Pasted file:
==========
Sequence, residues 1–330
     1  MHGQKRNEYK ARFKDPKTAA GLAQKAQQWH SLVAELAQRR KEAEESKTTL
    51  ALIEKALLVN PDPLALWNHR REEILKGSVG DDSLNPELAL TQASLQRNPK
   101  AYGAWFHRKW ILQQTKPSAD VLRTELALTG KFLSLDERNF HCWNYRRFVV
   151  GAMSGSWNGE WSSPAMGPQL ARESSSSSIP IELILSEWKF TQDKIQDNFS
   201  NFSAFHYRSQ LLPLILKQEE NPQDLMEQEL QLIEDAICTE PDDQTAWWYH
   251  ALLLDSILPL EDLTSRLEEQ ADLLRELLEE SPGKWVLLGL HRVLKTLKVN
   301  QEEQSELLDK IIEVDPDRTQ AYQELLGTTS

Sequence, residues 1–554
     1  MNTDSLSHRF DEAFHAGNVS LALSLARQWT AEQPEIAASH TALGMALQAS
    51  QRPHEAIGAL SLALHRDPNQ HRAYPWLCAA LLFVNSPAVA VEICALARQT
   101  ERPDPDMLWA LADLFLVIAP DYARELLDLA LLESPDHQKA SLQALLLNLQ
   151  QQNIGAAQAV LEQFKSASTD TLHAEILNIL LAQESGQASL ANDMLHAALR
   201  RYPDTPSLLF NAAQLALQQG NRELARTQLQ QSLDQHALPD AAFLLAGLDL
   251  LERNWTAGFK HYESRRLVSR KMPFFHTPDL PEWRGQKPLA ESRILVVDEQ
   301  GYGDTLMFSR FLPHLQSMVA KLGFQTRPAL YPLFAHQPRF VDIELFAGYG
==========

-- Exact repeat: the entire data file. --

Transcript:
Sequence, residues 1–330
     1  MHGQKRNEYK ARFKDPKTAA GLAQKAQQWH SLVAELAQRR KEAEESKTTL
    51  ALIEKALLVN PDPLALWNHR REEILKGSVG DDSLNPELAL TQASLQRNPK
   101  AYGAWFHRKW ILQQTKPSAD VLRTELALTG KFLSLDERNF HCWNYRRFVV
   151  GAMSGSWNGE WSSPAMGPQL ARESSSSSIP IELILSEWKF TQDKIQDNFS
   201  NFSAFHYRSQ LLPLILKQEE NPQDLMEQEL QLIEDAICTE PDDQTAWWYH
   251  ALLLDSILPL EDLTSRLEEQ ADLLRELLEE SPGKWVLLGL HRVLKTLKVN
   301  QEEQSELLDK IIEVDPDRTQ AYQELLGTTS

Sequence, residues 1–554
     1  MNTDSLSHRF DEAFHAGNVS LALSLARQWT AEQPEIAASH TALGMALQAS
    51  QRPHEAIGAL SLALHRDPNQ HRAYPWLCAA LLFVNSPAVA VEICALARQT
   101  ERPDPDMLWA LADLFLVIAP DYARELLDLA LLESPDHQKA SLQALLLNLQ
   151  QQNIGAAQAV LEQFKSASTD TLHAEILNIL LAQESGQASL ANDMLHAALR
   201  RYPDTPSLLF NAAQLALQQG NRELARTQLQ QSLDQHALPD AAFLLAGLDL
   251  LERNWTAGFK HYESRRLVSR KMPFFHTPDL PEWRGQKPLA ESRILVVDEQ
   301  GYGDTLMFSR FLPHLQSMVA KLGFQTRPAL YPLFAHQPRF VDIELFAGYG